There were two problems. My gravestone had no letter 'M'. I solved this by inverting a 'W'. The other problem was spacing. Aesthetically it only worked if there was some overlap between the letters. So I overlapped, even though that presented a challenge in cutting the fine ridges between some of the letters.

Given that I could only afford an hour or so each weekend to work on it, the sign took me several weeks to complete. But I was well pleased with the result.

I hung it from a branch of a tree at the top of our drive.

Time passed, and my sign weathered well. But the tree kept growing and putting leaves in front of it. And there was a holly bush in front of the tree which kept getting bigger. So apart from in the winter months, the sign was usually obscured by leaves. We decided a new, lower, more prominent sign was needed.

In Tansley, which is just over the hill from us, there is a family called Cross. We've known them for over 25 years. Lorna ran a landscape gardening business and nursery. Her sister Josie sold 'Lots of Pots' and other things, including some of my bowls. Josie moved to the Outer Hebrides (Lewis) about 18 months ago. Lorna, unbeknownst to me until very recently, is a stonemason. When i went to buy my usual Christmas tree from Lorna in December we had a discussion about whether she could reproduce my carved oak sign in stone. She reckoned she could. And she did! The eighteenth century stonemasons of Norton would have been proud of her. And I think flattered that we had so appreciated their original work.

But the final credits in this story must go to Christian. He is the man of many talents who set it in the wall. Really he is a tree man. But one of those rare people who not only likes a challenge, but grows with every one he successfully meets.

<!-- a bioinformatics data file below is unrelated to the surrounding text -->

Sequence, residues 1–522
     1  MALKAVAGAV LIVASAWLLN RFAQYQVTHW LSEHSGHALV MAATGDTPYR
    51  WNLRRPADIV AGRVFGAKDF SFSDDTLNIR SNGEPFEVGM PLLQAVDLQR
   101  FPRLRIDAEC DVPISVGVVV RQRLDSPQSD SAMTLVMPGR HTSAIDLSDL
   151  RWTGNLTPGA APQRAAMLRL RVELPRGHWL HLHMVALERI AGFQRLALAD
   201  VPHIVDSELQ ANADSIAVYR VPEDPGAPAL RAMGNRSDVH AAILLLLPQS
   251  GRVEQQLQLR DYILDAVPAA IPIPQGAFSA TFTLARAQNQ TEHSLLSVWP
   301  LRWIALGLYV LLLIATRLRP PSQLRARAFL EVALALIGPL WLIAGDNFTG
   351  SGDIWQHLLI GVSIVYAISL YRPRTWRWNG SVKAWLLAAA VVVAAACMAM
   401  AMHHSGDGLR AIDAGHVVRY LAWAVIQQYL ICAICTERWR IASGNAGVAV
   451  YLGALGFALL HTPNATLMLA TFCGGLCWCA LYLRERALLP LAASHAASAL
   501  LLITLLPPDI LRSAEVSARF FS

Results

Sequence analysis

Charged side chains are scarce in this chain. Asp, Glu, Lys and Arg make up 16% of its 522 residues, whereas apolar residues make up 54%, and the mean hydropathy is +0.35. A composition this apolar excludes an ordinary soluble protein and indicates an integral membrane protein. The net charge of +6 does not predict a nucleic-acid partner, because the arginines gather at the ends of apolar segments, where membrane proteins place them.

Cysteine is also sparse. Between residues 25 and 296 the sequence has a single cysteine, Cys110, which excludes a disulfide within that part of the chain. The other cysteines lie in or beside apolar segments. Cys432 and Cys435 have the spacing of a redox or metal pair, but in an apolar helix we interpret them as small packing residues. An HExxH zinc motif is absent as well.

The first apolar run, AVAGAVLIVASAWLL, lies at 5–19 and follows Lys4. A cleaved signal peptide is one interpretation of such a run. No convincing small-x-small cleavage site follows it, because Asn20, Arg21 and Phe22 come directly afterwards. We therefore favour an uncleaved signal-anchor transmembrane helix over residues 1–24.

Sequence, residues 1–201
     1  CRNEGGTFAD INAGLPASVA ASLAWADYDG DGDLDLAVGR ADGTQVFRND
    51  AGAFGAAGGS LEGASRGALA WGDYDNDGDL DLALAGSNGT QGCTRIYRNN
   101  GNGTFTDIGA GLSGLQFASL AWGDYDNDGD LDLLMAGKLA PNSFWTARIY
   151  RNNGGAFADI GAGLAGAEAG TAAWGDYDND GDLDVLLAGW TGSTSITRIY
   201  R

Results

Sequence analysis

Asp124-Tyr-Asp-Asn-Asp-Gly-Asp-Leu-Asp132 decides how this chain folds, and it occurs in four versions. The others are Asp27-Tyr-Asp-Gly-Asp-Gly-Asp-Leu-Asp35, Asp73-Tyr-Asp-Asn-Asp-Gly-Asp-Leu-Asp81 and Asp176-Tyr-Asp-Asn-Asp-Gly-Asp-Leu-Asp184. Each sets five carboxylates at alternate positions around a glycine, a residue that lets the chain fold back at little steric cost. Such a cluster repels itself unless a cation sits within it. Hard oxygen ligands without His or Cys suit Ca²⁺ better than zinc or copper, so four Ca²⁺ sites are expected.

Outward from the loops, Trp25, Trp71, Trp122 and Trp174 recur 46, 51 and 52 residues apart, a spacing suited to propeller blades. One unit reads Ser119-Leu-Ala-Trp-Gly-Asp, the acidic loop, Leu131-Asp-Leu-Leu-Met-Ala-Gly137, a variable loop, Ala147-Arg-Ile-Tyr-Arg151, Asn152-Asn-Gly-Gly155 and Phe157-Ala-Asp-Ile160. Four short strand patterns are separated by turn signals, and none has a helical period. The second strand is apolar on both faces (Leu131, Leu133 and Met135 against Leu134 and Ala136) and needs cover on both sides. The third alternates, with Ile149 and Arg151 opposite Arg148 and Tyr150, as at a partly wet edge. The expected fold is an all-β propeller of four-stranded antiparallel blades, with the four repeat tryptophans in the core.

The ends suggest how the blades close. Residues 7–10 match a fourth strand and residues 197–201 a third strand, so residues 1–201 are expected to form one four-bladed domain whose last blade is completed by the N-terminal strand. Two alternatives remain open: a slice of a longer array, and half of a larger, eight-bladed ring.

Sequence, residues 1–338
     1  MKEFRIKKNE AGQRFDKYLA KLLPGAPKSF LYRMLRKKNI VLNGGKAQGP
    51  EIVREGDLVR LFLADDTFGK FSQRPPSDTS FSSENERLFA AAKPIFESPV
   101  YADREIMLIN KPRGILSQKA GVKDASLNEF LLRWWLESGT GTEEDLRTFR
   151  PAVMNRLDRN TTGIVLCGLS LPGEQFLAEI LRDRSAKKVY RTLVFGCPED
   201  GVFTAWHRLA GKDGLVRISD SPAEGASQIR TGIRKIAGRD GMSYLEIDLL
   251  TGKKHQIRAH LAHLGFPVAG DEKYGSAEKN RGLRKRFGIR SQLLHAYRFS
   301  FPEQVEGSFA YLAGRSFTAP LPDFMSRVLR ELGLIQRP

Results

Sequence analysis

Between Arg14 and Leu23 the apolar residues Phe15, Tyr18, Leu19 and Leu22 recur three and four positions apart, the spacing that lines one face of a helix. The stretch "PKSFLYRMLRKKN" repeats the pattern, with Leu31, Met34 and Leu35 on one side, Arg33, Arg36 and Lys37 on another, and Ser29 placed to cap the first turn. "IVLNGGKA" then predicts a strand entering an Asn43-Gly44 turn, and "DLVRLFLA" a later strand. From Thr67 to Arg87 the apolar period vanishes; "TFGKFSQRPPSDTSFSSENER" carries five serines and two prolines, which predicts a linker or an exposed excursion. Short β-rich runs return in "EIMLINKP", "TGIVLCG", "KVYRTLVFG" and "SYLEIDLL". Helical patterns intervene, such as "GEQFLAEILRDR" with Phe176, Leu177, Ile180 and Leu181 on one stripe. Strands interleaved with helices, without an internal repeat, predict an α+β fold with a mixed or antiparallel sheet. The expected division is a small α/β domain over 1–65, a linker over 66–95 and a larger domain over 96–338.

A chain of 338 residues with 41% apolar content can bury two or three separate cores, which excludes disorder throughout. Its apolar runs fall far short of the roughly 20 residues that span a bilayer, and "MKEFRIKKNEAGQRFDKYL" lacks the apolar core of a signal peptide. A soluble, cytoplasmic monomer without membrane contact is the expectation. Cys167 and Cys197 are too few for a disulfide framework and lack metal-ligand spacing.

And Tony Kaye? He lived at April Cottage in the same little village we did on the Suffolk/Essex border. There was one street, appropriately called 'The Street'. Tony was made redundant in his 50's. He was a keen amateur painter but reckoned he could eke out his meagre pension by framing pictures. So he needed business cards to promote his new business. He reckoned that 'April Cottage, The Street, Ashen' didn't sound professional enough, and seemed to remember that when they had bought the cottage in the 1950s it had a number - number 22. (None of the houses in The Street carried numbers). So Tony went into the main post office in Sudbury to find out whether they would recognise number 22, The Street as April Cottage. The postmaster looked at him indulgently and said "If you want it to be number 22 Mr Kaye, it's 22".


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Frequently Asked Questions

 

Where do you source your wood?

 

People often ask me where I source my wood. My answer is, from a tree. And I'm not just being silly. 

If I want to turn  bowl of a size appropriate for salads, or for fruit, I can't just go down to the local woodyard and buy the right chunk. Most woodyards sell timber for construction, or cabinet making. It is planked, and the maximum thickness you are likely to find is 100mm. That is a shallow bowl at best.

Then there is the type of wood. Twenty years ago, or even ten, a local woodyard would probably have some locally source fruitwood in a corner, or a stack of local oak, or chestnut. Not any more. They will have some oak, but it will be kiln dried and likely French, or American. 

So you need to go to a specialist dealer. In every region there are those who will source you ash, or lime, or maple, or exotics. But again these are usuallly planked for purposes of seasoning, and again are meant for cabinet work or the like. And often they are imported. 

Nationally, there are a few dealers who specialise in selling wood for turning - usually bowl blanks, or square sections for reduction to cylinders. The wood is usually sold 'semi-seasoned' which usually means kiln dried but not guaranteed not to split. 

In the meantime, your neighbour is having a yew cut down to make way for their kitchen extension, or an apple tree because it's ceased to fruit well, or an oak, because it's shading the garden.

That's where to source your wood, and where I source mine. And providing you return to them a bowl, made from the wood of their tree, they are often happy to let you have the rest for little or nothing.

 

 

How do you choose the wood?